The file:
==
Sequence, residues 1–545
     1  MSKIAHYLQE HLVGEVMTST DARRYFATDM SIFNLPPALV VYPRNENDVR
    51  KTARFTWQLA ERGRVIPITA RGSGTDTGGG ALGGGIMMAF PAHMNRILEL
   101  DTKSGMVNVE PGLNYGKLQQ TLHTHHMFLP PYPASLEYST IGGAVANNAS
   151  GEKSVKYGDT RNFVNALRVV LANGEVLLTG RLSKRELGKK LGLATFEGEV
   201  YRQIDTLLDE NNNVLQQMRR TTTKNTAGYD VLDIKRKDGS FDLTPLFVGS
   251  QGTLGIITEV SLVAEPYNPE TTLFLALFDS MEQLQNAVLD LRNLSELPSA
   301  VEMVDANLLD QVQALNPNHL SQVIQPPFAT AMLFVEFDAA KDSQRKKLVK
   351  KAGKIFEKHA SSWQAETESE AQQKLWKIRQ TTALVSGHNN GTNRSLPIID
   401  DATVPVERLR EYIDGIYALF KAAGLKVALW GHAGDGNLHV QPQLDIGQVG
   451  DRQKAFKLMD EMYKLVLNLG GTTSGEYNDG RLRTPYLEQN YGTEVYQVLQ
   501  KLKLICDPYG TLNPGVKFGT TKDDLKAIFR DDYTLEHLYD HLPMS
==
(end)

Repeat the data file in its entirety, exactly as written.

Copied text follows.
Sequence, residues 1–545
     1  MSKIAHYLQE HLVGEVMTST DARRYFATDM SIFNLPPALV VYPRNENDVR
    51  KTARFTWQLA ERGRVIPITA RGSGTDTGGG ALGGGIMMAF PAHMNRILEL
   101  DTKSGMVNVE PGLNYGKLQQ TLHTHHMFLP PYPASLEYST IGGAVANNAS
   151  GEKSVKYGDT RNFVNALRVV LANGEVLLTG RLSKRELGKK LGLATFEGEV
   201  YRQIDTLLDE NNNVLQQMRR TTTKNTAGYD VLDIKRKDGS FDLTPLFVGS
   251  QGTLGIITEV SLVAEPYNPE TTLFLALFDS MEQLQNAVLD LRNLSELPSA
   301  VEMVDANLLD QVQALNPNHL SQVIQPPFAT AMLFVEFDAA KDSQRKKLVK
   351  KAGKIFEKHA SSWQAETESE AQQKLWKIRQ TTALVSGHNN GTNRSLPIID
   401  DATVPVERLR EYIDGIYALF KAAGLKVALW GHAGDGNLHV QPQLDIGQVG
   451  DRQKAFKLMD EMYKLVLNLG GTTSGEYNDG RLRTPYLEQN YGTEVYQVLQ
   501  KLKLICDPYG TLNPGVKFGT TKDDLKAIFR DDYTLEHLYD HLPMS